In 1818 French physicist Augustin Fresnel submits his prizewinning “Memoir on the Diffraction of Light”, precisely accounting for the limited extent to which light spreads into shadows, and thereby demolishing the oldest objection to the wave theory of light.

Fresnel (10 May 1788 – 14 July 1827) was a French civil engineer and physicist whose research in optics led to the almost unanimous acceptance of the wave theory of light.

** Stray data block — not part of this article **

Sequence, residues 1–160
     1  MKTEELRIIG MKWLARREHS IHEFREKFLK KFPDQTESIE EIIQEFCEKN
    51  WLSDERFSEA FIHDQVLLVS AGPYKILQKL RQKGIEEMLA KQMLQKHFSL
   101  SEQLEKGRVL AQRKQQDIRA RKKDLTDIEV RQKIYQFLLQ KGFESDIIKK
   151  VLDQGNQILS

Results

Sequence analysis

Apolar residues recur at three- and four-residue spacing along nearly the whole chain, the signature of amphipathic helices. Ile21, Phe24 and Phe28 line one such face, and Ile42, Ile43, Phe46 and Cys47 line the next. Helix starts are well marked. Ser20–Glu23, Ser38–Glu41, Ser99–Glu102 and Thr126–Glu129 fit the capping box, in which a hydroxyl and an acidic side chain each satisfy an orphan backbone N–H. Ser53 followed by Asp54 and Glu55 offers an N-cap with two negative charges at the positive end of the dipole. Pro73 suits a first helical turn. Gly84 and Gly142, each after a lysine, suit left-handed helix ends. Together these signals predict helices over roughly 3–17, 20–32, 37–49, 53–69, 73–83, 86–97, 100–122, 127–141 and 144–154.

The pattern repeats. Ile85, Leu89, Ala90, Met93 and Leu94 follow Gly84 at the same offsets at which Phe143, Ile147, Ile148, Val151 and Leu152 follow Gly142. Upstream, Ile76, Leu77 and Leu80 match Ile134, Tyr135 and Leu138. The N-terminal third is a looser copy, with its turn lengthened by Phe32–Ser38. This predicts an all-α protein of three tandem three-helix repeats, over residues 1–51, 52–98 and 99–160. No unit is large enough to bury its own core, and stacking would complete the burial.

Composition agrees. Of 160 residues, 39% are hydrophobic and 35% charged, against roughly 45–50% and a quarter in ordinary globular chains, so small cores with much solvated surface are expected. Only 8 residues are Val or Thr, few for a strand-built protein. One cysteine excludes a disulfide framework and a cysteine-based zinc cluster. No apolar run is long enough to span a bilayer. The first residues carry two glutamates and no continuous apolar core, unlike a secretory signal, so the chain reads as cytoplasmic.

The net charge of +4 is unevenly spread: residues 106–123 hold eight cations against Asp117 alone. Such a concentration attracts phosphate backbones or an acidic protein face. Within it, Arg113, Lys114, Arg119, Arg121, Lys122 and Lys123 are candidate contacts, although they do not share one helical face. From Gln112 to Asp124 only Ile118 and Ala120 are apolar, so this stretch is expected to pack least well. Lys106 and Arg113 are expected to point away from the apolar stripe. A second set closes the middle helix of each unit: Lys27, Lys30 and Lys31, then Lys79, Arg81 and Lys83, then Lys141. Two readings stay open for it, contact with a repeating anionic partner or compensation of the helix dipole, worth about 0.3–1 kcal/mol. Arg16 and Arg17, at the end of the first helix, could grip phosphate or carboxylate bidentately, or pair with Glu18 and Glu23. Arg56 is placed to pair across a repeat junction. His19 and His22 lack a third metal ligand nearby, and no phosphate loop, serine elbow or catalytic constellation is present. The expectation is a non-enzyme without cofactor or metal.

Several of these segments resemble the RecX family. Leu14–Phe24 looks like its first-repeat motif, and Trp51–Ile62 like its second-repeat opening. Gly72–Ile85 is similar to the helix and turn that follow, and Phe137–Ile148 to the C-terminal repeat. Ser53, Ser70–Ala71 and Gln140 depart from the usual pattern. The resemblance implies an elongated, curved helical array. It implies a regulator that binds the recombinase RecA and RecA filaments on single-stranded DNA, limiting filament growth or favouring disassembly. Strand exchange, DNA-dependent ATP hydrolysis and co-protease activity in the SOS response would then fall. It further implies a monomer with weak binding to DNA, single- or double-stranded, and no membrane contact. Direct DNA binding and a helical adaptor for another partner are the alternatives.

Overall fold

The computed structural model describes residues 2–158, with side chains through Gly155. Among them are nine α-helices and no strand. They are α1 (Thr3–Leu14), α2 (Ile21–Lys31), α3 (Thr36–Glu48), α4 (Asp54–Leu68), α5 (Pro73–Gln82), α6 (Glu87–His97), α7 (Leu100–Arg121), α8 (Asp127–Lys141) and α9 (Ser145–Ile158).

He is perhaps better known for inventing the catadioptric (reflective/refractive) Fresnel lens and for pioneering the use of “stepped” lenses to extend the visibility of lighthouses, saving countless lives at sea. The simpler dioptric (purely refractive) stepped lens, first proposed by Count Buffon and independently reinvented by Fresnel, is used in screen magnifiers and in condenser lenses for overhead projectors.